Want a way to excite students to track their reading so that they are motivated to choose just right books? We need to teach students that it's okay to read books that are a little hard, and it's perfectly fine to read books that are easy...just for fun! But, the real value of independent reading happens when students can select books that are both entertaining and the appropriate reading level. My reading ladder can help by providing a visual reminder of the power of book choice.
Ladder: Use this reading ladder as a tracking sheet or reading tracker, a reading reflection, or just as a supplemental way to help students monitor their reading choices. The purpose of the ladder is to help you lead a conversation about what books are worth reading...all of them! And also to discuss how sometimes it's important to work through hard books and ask for help. Other times, it's fun to read picture books and short novels that bring smiles to our faces.
You will find an additional brainstorming ladder in this resource that has questions to help students reflect on books they've already read that are boring, entertaining, just right, challenging, and frustrating.
This resource has many potential uses! For example, have students add it to the front of their reading notebooks to simplify the process of monitoring reading for the year.
Bookshelves: The bookshelves that correspond with each level of the ladder will help students tangibly track how many books they are reading at each level. Ideally, the majority of books students will be reading will be on the Just Right shelf. However, asking them to track books they've read that are easy and hard can help to frame our conversations about perseverance and self-monitoring. My reading ladder can help you have those discussions.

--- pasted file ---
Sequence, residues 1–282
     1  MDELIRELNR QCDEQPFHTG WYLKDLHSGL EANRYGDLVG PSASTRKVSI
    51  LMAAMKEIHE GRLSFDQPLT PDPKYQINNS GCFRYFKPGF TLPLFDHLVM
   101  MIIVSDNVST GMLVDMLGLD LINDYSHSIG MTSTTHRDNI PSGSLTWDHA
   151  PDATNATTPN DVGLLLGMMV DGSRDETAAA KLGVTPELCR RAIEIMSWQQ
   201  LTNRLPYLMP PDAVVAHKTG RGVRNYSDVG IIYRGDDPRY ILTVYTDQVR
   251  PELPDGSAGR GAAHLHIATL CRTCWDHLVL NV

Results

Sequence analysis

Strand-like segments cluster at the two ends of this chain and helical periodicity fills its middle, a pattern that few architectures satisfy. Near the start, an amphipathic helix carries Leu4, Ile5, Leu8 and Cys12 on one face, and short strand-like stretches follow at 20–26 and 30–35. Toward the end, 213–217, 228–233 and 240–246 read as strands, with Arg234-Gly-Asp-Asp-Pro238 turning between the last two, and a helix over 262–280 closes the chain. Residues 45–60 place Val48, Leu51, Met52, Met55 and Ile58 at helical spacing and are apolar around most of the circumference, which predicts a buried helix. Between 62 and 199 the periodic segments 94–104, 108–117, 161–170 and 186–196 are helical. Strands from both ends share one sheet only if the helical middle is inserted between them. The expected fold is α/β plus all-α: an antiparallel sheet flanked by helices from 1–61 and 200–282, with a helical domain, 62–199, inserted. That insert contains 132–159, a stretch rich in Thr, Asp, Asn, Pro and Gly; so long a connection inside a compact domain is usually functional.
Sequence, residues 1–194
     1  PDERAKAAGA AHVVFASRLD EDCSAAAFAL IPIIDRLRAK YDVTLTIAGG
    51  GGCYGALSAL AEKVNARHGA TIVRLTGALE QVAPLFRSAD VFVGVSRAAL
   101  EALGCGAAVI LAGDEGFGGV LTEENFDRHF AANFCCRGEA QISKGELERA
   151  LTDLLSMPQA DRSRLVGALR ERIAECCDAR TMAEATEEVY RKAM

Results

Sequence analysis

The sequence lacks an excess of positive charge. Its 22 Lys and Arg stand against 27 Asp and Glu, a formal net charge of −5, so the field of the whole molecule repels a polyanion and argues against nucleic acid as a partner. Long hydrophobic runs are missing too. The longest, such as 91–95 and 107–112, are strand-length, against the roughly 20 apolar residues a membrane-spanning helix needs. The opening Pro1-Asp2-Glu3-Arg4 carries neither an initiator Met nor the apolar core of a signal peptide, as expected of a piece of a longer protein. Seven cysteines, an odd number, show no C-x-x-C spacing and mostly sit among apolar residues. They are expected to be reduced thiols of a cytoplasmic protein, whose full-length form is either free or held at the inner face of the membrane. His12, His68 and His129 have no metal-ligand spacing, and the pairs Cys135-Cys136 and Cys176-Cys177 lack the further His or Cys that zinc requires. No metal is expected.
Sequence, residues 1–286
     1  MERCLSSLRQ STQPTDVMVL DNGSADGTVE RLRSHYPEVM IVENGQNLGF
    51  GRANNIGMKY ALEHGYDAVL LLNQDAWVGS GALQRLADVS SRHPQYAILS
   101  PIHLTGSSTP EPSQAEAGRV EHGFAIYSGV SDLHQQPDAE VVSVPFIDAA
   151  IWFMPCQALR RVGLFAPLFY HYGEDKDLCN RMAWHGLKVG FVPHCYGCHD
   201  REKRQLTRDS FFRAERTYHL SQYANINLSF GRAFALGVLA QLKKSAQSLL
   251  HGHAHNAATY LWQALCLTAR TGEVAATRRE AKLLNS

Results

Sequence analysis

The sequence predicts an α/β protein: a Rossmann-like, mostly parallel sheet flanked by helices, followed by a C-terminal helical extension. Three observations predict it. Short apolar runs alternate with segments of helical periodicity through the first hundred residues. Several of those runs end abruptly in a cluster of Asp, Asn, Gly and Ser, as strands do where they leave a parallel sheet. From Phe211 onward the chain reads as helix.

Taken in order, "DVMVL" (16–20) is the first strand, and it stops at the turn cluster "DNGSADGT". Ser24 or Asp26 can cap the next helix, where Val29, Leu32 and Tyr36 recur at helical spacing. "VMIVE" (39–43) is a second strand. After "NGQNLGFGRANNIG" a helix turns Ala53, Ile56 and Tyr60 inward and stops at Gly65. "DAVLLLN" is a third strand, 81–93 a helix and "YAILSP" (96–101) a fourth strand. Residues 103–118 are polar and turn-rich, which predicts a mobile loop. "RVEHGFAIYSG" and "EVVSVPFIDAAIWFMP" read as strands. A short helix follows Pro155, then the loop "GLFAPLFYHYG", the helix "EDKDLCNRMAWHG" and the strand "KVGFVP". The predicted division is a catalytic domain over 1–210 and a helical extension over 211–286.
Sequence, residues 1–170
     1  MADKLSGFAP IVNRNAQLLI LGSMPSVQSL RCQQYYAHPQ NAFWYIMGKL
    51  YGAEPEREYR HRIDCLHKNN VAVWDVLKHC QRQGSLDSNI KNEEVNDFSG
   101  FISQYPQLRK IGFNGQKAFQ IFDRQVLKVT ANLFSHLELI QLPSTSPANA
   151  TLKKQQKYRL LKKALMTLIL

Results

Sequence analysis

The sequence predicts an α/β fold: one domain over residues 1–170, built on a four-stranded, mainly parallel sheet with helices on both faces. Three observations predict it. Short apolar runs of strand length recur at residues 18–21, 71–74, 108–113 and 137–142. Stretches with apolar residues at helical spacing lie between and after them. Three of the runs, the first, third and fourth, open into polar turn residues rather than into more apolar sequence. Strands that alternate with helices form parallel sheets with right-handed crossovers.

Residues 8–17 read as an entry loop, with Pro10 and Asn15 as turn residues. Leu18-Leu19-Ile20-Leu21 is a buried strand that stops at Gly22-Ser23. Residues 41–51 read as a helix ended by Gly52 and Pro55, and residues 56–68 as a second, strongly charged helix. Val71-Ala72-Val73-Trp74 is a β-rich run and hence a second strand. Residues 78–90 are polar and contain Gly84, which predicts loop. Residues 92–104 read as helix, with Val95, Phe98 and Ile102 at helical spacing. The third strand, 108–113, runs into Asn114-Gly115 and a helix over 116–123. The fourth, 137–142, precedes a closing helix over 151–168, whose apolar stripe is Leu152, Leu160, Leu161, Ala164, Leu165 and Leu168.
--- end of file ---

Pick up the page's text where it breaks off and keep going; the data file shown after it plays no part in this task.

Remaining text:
Students will also have a place to record the number of books they have finished and those they have abandoned...because...that matters, too.
You may decide to have students color code the books on the shelves or the rungs on the ladder to indicate genre, rating, and etcetera.
Versions: For your convenience, this resource includes both a PDF and a partially editable PPT file so that you can tweak the wording to fit the language you use with your students. PLUS! You will find each page has different wording. Choose the one that fits your needs best, or use the editable files to personalize your resource.
Optional: Students can color the reading ladder and bookshelves as they please. Asking them to choose colors that represent genres or how they feel about the books is an interesting way to get to know your learners.
This reading ladder is perfect for secondary students. However, it can be used with other age groups as well. Please keep in mind - the younger the student, the more help he or she will need with writing book titles and organizing them on the appropriate shelves. I have recently updated this resource to include options with larger spines!
You may find it helpful to give parents a copy to help their children keep track of independent reading experiences at home.
Note: There are now several versions of the book shelf. One is the original pictured in the resource thumbnails. The others are slightly larger versions of the book spine with alternate wordings. Don't see the exact wording you want? Edit the PowerPoint file to fit your needs.
Want to know more about helping students choose just right books? You can read this post.
Looking for more reading resources? Try these.
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